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Christian Music - Reviews, News, Interviews


  • reviewed by Russ Breimeier Copyright Christianity Today International
  • 2005 1 Mar
Sounds like … the familiar modern worship of By the Tree and Sonicflood, but worded more like a devotional and colored by the Brit rock sensibilities of Coldplay, Travis, Delirious, and Taylor Sorensen. At a glance … Jeff Anderson's debut takes a little getting used to since it's more arty and introspective than the typical modern worship album—which is undeniably a large part of its appealTrack ListingOpen My EyesAs I AmParalyzedI Don't Belong HereAll We Have Is NowSo AliveThese Quiet StreetsAll I NeedI Will FollowYour Love Never Fails MeOpen My Eyes (radio mix)

When he was only 16, Jeff Anderson felt called to serve the church through music, studying with the leaders of the local Vineyard Church in Columbus, Ohio before leading worship himself at an offshoot service for young adults. In time, he befriended fellow Buckeye John Reuben, who eventually helped him secure a deal with tobyMac's Gotee Records. The initial plans were to debut with an EP, but his material proved strong enough to yield the full-length Seamless, a rock oriented project produced surprisingly well by rap-meister Reuben.

You may not remember Aaron Spiro and his quasi-worshipful 2002 debut, but Anderson's disc is strikingly similar—worshipful in tone, yet performed and produced like artful radio rock. The opening songs are actually a little misleading, suggesting another typical modern worship artist. "As I Am" resembles Sonicflood's "My Refuge" and the title track/lead single sounds much like By the Tree's "Reveal."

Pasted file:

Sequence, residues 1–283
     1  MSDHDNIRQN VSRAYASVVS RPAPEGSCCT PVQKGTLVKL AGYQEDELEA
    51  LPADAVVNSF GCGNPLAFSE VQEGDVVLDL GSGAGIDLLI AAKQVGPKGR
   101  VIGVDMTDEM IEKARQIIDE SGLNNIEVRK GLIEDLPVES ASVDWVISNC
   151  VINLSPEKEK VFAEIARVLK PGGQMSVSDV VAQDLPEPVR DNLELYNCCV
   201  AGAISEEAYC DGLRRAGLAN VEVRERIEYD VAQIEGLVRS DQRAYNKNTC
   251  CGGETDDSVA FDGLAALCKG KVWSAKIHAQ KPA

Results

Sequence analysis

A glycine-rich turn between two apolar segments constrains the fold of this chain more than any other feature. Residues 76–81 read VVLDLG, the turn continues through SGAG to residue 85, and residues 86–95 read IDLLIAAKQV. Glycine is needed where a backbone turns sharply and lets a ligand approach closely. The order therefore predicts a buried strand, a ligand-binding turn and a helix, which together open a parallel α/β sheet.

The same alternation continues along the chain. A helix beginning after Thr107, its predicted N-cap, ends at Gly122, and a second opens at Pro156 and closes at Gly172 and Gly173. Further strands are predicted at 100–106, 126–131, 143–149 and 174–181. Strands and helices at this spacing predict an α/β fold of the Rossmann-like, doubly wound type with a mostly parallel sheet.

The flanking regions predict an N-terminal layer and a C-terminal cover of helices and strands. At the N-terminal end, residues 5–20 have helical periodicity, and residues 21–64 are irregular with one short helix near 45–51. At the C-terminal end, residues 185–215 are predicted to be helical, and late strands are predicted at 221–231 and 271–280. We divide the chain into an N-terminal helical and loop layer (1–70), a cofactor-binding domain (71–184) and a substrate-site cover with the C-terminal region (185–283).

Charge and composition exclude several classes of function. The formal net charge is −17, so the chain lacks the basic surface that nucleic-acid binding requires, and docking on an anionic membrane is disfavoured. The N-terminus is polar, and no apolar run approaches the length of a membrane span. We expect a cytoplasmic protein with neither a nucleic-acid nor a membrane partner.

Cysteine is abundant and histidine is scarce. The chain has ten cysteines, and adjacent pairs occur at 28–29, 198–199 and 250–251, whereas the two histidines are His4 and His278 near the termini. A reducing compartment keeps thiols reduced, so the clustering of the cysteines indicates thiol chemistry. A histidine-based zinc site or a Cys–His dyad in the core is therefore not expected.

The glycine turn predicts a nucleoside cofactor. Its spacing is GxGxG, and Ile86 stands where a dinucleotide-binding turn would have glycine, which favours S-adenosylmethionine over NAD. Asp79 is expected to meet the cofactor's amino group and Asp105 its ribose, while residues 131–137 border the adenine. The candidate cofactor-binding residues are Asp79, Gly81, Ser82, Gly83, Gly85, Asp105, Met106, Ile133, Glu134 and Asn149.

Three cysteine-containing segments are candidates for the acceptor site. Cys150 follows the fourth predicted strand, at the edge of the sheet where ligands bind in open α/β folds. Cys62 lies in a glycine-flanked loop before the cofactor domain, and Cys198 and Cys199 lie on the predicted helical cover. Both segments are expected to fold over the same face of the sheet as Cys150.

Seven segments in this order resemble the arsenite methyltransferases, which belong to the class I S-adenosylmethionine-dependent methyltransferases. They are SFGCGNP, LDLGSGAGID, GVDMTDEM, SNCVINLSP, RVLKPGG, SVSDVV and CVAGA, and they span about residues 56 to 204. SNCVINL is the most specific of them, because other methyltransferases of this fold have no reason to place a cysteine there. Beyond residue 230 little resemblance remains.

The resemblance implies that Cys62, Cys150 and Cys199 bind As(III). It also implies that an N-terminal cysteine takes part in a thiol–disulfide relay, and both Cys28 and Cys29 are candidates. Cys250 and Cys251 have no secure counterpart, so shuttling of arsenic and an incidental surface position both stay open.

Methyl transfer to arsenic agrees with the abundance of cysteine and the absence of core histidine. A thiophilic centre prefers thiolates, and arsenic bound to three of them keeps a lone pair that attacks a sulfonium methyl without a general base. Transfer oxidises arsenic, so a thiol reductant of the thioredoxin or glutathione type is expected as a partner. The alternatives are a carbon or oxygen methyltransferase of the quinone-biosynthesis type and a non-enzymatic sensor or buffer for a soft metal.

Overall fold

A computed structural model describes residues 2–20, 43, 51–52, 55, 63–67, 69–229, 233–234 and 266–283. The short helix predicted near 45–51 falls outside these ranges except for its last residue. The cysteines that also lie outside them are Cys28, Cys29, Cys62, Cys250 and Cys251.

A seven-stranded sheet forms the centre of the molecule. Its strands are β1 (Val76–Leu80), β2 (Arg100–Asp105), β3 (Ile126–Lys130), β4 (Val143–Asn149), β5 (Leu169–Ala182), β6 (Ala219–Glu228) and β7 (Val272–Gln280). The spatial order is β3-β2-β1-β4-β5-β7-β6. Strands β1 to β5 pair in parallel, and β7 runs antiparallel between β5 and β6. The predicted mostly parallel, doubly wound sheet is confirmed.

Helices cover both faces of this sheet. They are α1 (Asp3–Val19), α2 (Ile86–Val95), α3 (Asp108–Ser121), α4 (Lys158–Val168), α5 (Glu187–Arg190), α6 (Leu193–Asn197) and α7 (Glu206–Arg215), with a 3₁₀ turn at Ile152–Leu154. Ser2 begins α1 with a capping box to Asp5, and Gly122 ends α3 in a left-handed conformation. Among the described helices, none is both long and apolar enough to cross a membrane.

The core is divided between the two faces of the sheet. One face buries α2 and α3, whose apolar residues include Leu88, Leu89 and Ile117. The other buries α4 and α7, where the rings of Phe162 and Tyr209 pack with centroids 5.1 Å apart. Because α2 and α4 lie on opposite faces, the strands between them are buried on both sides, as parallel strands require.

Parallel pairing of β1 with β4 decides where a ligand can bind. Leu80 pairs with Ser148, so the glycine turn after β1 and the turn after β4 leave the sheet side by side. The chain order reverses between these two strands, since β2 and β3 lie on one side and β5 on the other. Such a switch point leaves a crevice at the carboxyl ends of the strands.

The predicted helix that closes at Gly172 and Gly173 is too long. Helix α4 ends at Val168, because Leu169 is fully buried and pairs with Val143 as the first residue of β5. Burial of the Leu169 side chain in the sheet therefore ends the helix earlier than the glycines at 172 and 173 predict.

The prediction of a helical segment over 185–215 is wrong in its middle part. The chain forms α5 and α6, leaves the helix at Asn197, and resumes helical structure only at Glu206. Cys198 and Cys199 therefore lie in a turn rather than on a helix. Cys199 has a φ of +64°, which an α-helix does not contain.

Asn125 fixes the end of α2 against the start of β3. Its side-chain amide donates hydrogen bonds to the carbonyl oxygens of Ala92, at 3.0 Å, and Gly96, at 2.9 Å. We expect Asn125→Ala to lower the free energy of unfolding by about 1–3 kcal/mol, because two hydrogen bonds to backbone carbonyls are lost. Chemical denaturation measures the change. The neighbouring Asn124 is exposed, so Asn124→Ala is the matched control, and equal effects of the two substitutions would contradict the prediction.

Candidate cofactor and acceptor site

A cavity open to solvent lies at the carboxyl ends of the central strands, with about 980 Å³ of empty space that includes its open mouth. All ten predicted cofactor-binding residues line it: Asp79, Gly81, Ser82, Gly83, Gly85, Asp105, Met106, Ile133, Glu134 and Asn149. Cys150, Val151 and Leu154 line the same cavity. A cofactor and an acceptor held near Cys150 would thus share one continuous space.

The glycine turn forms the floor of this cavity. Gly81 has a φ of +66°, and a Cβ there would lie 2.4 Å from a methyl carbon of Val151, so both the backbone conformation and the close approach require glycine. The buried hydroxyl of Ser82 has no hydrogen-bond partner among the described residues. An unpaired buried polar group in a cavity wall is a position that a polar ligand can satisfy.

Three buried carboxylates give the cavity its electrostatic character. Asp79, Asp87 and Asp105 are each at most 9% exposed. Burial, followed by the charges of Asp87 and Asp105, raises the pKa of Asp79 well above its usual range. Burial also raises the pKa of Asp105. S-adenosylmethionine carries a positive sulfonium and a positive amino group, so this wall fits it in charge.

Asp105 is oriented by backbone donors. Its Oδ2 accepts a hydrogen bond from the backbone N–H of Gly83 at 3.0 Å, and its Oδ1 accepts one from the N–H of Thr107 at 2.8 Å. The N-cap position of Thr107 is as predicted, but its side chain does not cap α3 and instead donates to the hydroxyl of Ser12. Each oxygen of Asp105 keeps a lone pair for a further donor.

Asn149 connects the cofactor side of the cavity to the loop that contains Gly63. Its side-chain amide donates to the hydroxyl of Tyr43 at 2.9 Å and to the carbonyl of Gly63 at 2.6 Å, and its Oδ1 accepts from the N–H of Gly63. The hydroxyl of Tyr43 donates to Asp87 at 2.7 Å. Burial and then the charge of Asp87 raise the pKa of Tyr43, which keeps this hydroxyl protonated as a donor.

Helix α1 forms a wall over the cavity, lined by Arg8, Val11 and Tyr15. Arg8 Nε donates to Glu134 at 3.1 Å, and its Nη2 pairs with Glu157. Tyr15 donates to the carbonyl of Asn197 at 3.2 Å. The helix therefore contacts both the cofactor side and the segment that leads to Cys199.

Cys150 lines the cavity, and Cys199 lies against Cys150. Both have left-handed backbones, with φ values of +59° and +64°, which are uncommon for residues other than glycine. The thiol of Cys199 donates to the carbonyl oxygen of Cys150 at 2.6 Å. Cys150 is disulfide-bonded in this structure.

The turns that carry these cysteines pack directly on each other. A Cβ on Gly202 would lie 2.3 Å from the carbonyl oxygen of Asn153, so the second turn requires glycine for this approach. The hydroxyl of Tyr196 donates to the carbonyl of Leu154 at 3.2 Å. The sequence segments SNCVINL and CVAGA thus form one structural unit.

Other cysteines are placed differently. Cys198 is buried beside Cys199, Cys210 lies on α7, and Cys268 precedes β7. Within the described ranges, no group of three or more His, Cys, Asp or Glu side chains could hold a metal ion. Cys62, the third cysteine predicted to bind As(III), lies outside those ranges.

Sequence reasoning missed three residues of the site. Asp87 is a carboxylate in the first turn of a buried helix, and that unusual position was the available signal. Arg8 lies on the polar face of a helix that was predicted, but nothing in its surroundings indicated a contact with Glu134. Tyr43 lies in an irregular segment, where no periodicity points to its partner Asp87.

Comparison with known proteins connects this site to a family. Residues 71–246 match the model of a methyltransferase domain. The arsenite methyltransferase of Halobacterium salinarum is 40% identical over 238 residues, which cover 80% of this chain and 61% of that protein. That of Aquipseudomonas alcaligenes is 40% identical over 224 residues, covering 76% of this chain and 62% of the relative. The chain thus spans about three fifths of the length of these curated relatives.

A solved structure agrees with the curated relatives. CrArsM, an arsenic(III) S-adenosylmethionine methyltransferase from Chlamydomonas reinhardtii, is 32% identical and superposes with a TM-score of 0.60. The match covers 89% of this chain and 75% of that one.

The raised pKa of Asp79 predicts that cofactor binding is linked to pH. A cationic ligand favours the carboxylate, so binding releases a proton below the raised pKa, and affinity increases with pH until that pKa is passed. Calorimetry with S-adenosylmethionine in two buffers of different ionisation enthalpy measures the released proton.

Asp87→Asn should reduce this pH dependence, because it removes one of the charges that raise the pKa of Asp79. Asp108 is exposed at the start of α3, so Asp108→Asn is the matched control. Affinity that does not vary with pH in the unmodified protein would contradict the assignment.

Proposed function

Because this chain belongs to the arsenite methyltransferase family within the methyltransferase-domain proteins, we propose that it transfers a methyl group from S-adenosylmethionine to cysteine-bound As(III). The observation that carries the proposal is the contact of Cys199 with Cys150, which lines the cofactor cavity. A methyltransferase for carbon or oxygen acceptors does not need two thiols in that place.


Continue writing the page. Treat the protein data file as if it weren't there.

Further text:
Then things get far more interesting, beginning with "Paralyzed" with its modern, folksy Coldplay-and-Travis sound. There's a similar arty-yet-accessible Brit pop/rock approach to "I Don't Belong Here," which captures a beautiful balance between sadness and hope by reflecting on life's grievances while looking forward to heaven. It's appropriately followed by the banjo-colored alternative pop of "All We Have Is Now," which finds purpose and comfort in living for God, and the thankful response of "So Alive."

Anderson's songs here don't really lend themselves to corporate worship. But the vertically focused lyrics do draw hearts to God, and are written with enough intelligence and heartfelt honesty to be palatable to Christians and seekers alike—Anderson is a bit like Delirious in this way. On top of that, there are soaring anthems like "All I Need," "These Quiet Streets," and the surprisingly dark and heavy alt-rock of "I Will Follow." This is not the usual modern worship CD—it's something better.